When Keith Earls recovered brilliantly to make a last-ditch ankle tap on Elliot Daly, few of his myriad admirers realised that nibs of snow had started to come with the icy wind. It was a very cold St. Patrick’s Day in London, but in retrospect most of those in green at Twickenham will remember that moment as a fragment of the summer that was to follow.

Many of those in attendance as Earls was named the Zurich Irish Rugby Players’ Player of the Year dipped into their imaginations and told those seated beside them that they were there. They may have been watching from Searsons of Baggot Street or in the White House Bar in Limerick, but they say it anyway – and they were right.

David Wallace will certainly have told his kids that he played with the winger from Moyross. While Earls prepares for interprovincial action this week, the former Munster and Ireland flanker travelled to New York alongside several of his 2008 European Cup-winning teammates. Ten years on from their triumph in Cardiff, they were honoured at a fundraiser that will benefit underage rugby across the province and aid Munster community rugby programmes. 

“That 2008 squad had so many characters,” Wallaces reminisces. “It’s something that we have all missed, but we’re getting better at catching up now and we relish those occasions when we do. Thankfully, we’ll get to celebrate that win a few times over the next while and there’s also the Rugby Players Ireland Clubhouse that helps to maintain the special connection that exists between teammates and past players.” 

Combining the traditional strengths of Munster Rugby: leadership, game management and a doggedness rarely matched in the professional game, Declan Kidney added a cutting edge to the insatiable Munster passion in 2008. Although the team was sprinkled with Irish talent, it was two south sea islanders paved the way in midfield while a legendary All Black drove the standards out wide. Waiting in the wings, Keith Earls undoubtedly learned from Lifeimi Mafi, Rua Tipoki and Doug Howlett as Munster shifted from outright passion to clinical rugby.

Incidentally, Earls is one of only three characters to whom Wallace refers, who continue to tog out every weekend. Mafi has lined out for Manawatu in this season’s Mitre 10 Cup, Donnacha Ryan defies Father Time on a weekly basis in Paris, while a little closer to home the Players’ Player is in the form of his life.

“It’s great to see the lads doing so well,” Wallace says. “In fairness, Strings and Donners made a good go of it too until recently. But now that the rugby is out of the way for the majority of the team it’s great to be able to reconnect and bring everyone back together. You’re all on a different pathway for a while, especially the lads who are still playing. You might only catch them after the game for a few seconds before someone else grabs them.

“I’d say I’ve caught up with Donners more in the past few weeks than I’ve been able to for the past few years,” admits Wallace, who is now the Business Development Manager for Munster at Bank of Ireland. “In his new [Corporate Ambassador] role with Munster Rugby there is obviously a lot of crossover with my own work, but that aside we all need a bit of help to adapt in the day to day things. It’s great to have that net of people there when you come out of the rugby space. It might be just be something very simple, but we all are at hand to help and give a bit of advice.”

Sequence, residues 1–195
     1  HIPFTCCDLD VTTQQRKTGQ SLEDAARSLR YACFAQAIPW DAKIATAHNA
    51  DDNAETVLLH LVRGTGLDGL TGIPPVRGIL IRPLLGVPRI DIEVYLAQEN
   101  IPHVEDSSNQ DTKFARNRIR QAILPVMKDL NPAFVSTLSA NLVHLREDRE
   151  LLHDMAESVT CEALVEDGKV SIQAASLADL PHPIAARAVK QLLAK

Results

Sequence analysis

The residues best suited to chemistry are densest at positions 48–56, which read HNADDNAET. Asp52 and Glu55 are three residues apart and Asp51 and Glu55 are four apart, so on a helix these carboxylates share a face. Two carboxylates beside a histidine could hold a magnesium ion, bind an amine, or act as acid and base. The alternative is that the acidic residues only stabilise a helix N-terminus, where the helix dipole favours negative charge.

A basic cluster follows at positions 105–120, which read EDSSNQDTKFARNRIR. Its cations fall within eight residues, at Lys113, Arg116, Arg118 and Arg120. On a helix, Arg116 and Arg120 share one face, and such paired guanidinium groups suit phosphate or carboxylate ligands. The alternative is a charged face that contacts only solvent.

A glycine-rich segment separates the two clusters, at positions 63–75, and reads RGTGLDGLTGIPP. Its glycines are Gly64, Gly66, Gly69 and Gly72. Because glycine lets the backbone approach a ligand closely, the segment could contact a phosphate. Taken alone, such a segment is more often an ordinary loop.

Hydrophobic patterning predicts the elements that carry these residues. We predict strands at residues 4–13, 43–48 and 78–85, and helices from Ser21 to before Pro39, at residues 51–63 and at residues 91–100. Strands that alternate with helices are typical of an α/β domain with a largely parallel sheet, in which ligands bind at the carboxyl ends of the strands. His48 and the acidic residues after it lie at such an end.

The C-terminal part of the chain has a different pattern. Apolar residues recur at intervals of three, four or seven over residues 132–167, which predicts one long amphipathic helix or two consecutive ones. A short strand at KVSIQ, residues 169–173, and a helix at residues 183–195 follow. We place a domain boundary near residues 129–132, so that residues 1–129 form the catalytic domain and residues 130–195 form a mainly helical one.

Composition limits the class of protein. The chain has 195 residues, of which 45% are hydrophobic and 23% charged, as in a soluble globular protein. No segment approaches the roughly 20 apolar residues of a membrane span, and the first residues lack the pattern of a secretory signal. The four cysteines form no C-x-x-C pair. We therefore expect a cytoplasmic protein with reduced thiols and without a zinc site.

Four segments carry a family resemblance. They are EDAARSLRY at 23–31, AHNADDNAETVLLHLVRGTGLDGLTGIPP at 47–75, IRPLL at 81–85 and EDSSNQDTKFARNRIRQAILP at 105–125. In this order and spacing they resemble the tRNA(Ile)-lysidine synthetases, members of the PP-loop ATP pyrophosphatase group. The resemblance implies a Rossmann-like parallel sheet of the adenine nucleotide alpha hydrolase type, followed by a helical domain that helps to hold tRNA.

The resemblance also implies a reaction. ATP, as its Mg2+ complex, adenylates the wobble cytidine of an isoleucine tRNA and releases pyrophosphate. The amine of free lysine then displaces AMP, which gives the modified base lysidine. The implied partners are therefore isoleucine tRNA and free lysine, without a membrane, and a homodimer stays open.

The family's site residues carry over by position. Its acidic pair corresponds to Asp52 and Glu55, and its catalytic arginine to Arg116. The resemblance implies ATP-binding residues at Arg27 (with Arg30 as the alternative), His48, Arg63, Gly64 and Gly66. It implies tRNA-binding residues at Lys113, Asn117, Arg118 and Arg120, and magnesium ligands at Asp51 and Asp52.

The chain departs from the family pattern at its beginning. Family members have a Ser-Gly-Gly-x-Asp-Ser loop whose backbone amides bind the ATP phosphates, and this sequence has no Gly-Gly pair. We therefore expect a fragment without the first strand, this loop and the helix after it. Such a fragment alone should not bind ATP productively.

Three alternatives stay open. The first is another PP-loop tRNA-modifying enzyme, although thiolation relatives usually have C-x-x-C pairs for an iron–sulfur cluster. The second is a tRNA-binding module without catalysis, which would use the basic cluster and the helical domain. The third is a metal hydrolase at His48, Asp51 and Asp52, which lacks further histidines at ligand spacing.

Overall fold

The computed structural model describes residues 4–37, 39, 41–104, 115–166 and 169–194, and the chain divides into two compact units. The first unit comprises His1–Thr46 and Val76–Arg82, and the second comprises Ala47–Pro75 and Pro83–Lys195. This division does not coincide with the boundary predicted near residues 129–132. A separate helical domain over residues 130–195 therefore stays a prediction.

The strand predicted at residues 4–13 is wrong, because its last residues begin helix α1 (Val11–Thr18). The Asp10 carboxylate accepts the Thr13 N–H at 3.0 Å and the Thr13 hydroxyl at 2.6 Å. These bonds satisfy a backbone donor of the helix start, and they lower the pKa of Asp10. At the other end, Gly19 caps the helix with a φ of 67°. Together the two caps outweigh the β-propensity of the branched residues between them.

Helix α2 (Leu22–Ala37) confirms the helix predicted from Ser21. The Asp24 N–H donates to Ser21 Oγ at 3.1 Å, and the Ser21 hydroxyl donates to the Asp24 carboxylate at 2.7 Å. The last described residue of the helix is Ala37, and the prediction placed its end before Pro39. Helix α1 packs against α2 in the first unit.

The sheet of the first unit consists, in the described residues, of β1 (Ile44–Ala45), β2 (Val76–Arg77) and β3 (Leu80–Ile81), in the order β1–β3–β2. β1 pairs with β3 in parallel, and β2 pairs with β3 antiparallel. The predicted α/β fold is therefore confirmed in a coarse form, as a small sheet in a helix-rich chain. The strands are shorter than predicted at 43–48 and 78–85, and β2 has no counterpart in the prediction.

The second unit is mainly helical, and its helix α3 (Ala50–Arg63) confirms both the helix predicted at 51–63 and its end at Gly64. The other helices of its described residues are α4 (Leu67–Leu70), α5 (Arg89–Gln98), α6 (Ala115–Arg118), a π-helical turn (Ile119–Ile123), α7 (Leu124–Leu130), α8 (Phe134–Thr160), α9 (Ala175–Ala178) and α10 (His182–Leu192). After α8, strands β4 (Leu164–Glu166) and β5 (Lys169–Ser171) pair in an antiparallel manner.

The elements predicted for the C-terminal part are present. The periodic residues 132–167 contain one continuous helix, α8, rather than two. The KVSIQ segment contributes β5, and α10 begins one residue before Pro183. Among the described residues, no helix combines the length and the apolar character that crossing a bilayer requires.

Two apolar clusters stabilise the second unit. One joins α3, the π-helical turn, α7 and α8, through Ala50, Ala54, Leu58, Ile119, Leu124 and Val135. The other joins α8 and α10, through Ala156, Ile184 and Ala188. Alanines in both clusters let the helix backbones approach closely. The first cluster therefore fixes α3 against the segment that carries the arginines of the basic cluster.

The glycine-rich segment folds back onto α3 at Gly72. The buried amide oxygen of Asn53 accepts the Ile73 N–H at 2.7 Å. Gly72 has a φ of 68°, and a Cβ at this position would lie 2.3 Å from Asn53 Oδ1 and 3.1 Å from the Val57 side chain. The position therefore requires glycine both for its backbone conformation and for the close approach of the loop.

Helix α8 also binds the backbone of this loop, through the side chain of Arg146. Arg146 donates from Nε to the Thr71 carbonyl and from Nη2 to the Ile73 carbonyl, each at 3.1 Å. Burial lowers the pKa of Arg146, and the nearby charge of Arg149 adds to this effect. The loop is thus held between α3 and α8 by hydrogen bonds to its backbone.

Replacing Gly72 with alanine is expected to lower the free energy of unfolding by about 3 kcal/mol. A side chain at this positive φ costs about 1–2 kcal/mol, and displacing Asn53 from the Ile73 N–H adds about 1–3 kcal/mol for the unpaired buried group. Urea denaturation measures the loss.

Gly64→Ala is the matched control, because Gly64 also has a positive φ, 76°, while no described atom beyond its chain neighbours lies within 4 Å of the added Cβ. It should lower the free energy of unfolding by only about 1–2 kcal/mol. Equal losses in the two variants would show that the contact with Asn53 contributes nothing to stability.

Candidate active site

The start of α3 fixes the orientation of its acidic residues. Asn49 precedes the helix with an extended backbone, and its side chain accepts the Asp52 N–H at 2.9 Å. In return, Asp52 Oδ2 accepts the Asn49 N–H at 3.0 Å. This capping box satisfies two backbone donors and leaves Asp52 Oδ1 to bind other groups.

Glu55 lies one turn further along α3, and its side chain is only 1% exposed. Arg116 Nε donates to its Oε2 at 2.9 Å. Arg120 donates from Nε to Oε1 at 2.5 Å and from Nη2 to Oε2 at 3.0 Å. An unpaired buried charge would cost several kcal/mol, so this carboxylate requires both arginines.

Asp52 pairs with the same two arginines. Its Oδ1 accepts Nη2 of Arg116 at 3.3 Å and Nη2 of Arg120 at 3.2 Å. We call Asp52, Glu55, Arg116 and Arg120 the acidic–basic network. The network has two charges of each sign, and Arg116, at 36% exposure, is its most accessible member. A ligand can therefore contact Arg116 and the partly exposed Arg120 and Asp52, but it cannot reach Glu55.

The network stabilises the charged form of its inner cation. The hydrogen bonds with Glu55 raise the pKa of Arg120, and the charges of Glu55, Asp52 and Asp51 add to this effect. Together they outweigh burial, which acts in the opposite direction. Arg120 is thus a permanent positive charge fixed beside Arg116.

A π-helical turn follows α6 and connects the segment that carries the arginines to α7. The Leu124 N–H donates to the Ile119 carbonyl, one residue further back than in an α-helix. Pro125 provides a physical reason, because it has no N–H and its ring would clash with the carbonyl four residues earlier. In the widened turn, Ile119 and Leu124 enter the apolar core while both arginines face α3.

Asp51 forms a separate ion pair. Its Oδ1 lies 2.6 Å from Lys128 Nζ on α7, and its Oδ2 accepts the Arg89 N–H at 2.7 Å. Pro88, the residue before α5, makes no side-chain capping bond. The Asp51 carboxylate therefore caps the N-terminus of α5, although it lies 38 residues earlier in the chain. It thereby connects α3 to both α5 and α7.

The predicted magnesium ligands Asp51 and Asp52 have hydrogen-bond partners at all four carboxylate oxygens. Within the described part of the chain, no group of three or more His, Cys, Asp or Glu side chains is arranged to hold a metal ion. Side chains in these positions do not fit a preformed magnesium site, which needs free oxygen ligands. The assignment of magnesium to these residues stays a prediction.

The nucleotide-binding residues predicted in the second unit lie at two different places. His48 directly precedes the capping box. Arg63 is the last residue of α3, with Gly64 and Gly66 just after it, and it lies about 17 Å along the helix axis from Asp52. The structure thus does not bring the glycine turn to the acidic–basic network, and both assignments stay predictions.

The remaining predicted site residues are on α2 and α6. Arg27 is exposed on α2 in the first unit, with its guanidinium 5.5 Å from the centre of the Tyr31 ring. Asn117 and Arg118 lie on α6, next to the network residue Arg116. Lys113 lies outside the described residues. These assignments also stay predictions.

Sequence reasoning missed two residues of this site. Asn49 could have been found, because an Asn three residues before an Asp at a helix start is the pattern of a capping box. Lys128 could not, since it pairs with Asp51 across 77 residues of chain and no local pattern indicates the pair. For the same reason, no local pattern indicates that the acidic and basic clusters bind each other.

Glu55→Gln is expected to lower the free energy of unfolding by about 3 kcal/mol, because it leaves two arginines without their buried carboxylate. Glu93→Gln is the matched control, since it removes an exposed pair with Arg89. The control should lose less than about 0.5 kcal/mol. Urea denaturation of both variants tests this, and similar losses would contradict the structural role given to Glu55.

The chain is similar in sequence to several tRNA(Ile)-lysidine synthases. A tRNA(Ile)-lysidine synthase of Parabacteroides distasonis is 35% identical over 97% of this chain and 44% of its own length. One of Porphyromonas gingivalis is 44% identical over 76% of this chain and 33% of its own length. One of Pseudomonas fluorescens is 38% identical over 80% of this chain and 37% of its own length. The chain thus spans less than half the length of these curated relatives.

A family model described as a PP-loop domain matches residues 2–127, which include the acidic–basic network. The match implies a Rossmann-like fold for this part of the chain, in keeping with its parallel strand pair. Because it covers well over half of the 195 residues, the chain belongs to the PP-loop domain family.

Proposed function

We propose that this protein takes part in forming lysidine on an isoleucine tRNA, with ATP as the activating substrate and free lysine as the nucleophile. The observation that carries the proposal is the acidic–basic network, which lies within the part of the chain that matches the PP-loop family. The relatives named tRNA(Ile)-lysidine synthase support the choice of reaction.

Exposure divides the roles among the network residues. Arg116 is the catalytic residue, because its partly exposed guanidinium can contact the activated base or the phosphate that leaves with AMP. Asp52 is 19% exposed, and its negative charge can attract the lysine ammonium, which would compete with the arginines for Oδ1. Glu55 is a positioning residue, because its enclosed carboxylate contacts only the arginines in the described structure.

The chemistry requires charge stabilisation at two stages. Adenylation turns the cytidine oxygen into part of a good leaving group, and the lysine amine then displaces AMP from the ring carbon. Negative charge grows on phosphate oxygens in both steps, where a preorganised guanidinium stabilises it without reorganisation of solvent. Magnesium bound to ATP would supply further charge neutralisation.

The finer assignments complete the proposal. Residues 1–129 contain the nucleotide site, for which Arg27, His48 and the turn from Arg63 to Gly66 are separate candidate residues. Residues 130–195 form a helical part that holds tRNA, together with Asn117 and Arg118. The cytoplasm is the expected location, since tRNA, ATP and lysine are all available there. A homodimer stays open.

Of course, we hope that Keith Earls won’t be joining them anytime soon. The winger was one of the new breed when he sat on the bench for the 16-13 victory over Toulouse. Having made his Munster bow as a 19-year old, Earls provided injury cover for Ireland’s 2009 Grand Slam triumph just over a year later. Surrounded by the greatest dynasty of players ever assembled by club or country, the 2009 Lions tourist would have been forgiven for anticipating a trophy-laden career. However, as Wallace can attest to, injuries can wreak havoc with those plans.

“I don’t run at all anymore,” says Wallace who amassed 72 Test caps in addition to lining out for Munster over 200 times. Despite those impressive numbers, the flanker found himself on the sidelines for long periods of his career as he sought to overcome various ailments, the effects of which can still be felt today. “I have to stay away from the running. My knees, ankles, my back… I’m just not able to take it. Cycling and a bit of gymwork are my main outlets. I don’t think I was ever a good long distance runner anyway!”

Wallace’s household have duly followed his lead and cycling holidays have become a regular feature of the family calendar. Recently, Wallace also accompanied his brother Paul on the CROSS Charity Annual Cycle which raises money for cancer research. With many former teammates also participating, it is a few days that Wallace looks forward to every year.

“It’s great fun. You get to know a lot of the faces that return year on year and the camaraderie inevitably builds. It can prove to be a little reminder of our playing days and our tours! It is very enjoyable but there is a lot of hard work, albeit less pressurised! Going into retirement I was looking forward to my weekends or getting involved in things without the burden of having to perform or meet expectations. Between training, matches and off-field responsibilities it is a very intense environment, physically and psychologically. You only realise that when you leave it.

“But there are also so many things that you miss, like the craic and the fraternity you have when you’re playing. Before I can even remember, rugby has been a huge part of my life. When you retire it’s all whittled away: your hobby, your career, your social network. It’s important that the lads know they have that support group available to them when they come over to our side.”


Richard McElwee

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